Is screen time a constant battle in your home? At the upcoming Positive Parenting Conference 2022, be sure to check out the Screen Kids Masterclass.
Based on the book Screen Kids: 5 Relational Skills Every Child Needs in a Tech-Driven World, this masterclass is an interview with Arlene Pellicane, one of the book’s authors. Arlene is a writer and a public speaker, and perhaps most importantly she’s also a mom of three beautiful children. So, Arlene absolutely understands the struggle.
I was lucky enough to be a researcher for this masterclass, and I was deeply impressed with Arlene’s knowledge, empathy, and expert advice. She has a wealth of insight into this topic and has such a friendly, personable way of educating and informing us that it’s easy to walk away with lots of new information and ideas.
While the Screen Kids Masterclass was packed with ideas, what really stood out to me was the reality check that Arlene gives on the impact of screen time on our child’s brain development, as that’s been a concern of mine since I first started letting my oldest child watch cartoons. Another growing issue in my own household has been anger management (for both my child and myself!), so I was also interested to hear her discuss the connection between screen time and anger management. But equally important to me was Arlene’s emphasis on the importance of books on building attention spans; we’re big readers in this household!
Ready for a glimpse into these topics? Read on!
#1: Screen Time Impacts Development
Like most people who will be watching this masterclass, I have a child. I have two, actually. And as someone who loves video games, anime and movies, I have struggled hard with how to handle screen time in our home. I don’t want my kids to feel denied when all their friends get cartoons and tablets, but I also know that screen time is not innocuous.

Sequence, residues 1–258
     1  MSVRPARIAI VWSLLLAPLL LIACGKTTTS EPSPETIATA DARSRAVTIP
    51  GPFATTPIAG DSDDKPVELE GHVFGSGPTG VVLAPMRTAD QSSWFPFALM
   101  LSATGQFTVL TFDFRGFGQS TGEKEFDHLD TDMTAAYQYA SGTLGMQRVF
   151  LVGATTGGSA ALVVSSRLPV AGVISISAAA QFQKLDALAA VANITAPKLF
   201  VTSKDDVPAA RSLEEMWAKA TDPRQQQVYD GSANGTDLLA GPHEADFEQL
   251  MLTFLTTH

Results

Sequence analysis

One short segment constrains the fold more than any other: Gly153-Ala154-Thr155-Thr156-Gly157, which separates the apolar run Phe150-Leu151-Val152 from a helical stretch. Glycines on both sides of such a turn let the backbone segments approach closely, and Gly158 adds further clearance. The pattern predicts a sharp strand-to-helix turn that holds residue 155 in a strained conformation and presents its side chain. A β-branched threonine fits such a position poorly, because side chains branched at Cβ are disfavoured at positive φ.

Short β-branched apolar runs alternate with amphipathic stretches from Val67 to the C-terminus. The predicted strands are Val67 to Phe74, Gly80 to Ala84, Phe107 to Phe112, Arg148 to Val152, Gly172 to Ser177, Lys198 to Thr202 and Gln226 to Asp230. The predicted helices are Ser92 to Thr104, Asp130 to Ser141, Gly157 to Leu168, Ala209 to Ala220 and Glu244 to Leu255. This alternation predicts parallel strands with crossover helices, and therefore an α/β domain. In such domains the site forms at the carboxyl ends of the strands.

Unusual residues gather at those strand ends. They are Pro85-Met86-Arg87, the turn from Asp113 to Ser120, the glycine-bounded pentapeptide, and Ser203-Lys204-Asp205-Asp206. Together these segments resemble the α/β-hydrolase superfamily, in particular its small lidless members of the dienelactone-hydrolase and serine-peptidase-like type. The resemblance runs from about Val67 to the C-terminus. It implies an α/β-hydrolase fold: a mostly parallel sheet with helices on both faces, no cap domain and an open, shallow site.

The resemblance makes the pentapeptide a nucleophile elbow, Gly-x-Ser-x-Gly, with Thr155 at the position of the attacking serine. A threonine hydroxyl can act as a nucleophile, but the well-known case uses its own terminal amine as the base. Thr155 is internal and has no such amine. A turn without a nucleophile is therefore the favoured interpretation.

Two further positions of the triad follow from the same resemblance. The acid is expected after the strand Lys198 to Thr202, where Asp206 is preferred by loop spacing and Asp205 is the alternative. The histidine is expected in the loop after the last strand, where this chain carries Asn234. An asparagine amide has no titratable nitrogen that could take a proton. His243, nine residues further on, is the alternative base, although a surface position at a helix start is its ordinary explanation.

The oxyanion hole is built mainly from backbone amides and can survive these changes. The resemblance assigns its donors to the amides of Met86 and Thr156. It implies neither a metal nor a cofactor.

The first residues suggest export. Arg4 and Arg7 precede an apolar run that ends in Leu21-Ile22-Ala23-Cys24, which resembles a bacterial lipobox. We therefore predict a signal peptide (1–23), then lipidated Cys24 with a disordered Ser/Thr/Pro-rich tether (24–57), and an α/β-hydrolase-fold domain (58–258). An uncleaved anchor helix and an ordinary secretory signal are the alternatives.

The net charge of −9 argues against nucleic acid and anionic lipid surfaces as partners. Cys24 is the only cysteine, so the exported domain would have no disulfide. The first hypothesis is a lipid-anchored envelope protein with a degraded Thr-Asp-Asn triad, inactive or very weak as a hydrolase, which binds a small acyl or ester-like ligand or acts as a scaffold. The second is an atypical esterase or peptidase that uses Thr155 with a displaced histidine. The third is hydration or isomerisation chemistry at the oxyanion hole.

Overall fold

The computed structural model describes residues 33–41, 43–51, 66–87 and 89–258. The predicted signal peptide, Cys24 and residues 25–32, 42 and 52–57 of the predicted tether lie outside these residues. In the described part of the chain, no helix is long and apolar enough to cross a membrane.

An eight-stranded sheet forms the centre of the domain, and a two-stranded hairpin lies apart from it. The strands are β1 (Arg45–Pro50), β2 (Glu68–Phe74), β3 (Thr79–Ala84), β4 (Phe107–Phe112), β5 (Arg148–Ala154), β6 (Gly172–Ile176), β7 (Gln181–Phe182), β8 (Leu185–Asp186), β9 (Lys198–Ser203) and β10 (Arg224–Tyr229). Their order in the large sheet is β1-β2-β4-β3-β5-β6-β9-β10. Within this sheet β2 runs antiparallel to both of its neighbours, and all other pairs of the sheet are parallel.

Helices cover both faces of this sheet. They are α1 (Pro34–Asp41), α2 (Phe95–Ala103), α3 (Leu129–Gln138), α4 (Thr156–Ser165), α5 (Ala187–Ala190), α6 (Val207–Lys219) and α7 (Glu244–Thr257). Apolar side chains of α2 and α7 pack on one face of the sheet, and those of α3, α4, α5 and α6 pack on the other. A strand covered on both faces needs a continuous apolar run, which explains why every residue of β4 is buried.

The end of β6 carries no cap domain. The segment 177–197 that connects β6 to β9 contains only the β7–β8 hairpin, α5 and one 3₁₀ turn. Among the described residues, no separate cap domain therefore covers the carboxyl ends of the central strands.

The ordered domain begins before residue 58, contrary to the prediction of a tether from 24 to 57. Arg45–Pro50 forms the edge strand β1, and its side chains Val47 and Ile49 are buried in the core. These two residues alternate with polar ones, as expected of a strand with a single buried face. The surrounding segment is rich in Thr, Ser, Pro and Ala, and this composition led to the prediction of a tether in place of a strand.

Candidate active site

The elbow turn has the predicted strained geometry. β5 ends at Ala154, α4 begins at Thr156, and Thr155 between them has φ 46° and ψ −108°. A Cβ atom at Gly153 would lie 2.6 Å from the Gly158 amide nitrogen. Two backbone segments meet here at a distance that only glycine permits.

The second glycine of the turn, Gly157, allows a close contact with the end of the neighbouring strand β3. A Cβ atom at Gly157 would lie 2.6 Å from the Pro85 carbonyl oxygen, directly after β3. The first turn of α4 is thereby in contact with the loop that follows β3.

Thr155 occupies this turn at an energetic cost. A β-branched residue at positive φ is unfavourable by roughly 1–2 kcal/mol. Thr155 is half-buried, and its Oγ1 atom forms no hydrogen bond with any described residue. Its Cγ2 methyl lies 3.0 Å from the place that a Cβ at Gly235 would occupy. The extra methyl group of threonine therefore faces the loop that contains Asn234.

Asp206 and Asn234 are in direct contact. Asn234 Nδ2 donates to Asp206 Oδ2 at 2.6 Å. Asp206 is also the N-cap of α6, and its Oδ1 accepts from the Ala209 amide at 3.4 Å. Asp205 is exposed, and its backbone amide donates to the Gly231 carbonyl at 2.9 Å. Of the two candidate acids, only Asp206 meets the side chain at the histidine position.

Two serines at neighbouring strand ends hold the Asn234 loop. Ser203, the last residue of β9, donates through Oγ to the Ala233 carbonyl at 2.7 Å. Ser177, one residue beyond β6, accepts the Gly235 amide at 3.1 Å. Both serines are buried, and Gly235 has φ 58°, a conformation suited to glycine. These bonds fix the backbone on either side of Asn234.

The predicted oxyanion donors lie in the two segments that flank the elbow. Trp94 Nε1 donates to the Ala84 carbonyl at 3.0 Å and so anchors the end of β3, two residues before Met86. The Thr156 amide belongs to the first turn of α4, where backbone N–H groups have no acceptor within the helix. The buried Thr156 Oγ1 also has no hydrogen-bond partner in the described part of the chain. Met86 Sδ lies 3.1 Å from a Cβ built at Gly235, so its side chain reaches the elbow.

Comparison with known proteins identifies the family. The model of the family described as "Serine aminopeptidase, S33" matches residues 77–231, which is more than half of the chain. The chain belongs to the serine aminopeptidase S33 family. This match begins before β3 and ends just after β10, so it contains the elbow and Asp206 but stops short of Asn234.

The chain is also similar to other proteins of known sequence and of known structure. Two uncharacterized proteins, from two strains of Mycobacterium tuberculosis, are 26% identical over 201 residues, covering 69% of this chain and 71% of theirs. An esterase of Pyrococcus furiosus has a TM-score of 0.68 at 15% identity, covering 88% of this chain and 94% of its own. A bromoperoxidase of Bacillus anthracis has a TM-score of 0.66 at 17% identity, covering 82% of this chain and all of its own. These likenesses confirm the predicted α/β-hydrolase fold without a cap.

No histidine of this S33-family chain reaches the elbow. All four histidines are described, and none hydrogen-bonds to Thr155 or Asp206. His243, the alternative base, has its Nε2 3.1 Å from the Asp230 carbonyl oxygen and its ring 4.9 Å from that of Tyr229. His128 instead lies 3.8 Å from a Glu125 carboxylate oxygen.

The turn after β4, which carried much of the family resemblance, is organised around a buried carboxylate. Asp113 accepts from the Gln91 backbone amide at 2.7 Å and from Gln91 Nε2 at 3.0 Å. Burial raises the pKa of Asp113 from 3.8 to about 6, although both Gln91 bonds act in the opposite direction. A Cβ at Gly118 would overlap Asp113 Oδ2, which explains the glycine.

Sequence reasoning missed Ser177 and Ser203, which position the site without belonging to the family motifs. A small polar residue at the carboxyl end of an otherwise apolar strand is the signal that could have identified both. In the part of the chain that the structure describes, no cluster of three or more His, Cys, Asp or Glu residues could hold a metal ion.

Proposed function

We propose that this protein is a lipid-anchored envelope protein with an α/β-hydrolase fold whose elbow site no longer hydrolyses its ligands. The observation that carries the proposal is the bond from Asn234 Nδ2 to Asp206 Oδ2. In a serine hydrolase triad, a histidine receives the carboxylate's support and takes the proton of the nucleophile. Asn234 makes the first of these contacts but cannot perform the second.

That’s one thing that has really stuck with me from this masterclass: screen time affects my children’s brains. Arlene talks about studies that show how an excessive amount of screen time affects learning to talk, learning to read, and so much more.
Chances are good that you’ve worried about how screen time is affecting your child, too. Are they getting enough exercise? Will they struggle in school as a result? Will they be able to keep up socially and emotionally?
The good news is that while too much screen time does affect kids, as parents, we can play an active role in mitigating that. We can limit screen time. We can differentiate between “junk food” screen time and mentally healthier options. We can get our kids outside. We can ensure they’re getting time with friends and family and other children to develop social skills.
Not sure how concerned you should be about the impact your child’s screen time is having on their development? Perhaps now is the time to start tracking screen time a little more closely. As Arlene suggests, it’s always a good idea to think about what benefits, if any, our children are really getting from those games they play or that social media site they hang out on. Does this particular type of screen time help or harm? It’s time for us to start thinking more critically and respond accordingly.
#2: Recognizing the Link Between Screen Time and Anger
One thing I’ve really noticed recently with my ten-year-old is that he struggles with anger. And one of the things that most commonly triggers an angry outburst is being told to put away screens for the day. If my kid isn’t ready to stop yet—he wants to finish the level he’s on, or he wants just one more episode please—then being told “all done” can be the catalyst for yelling, throwing something, or stomping off to his room.
And I know it’s not just my kid doing these things. Screen usage really highlights how much some children struggle with anger management.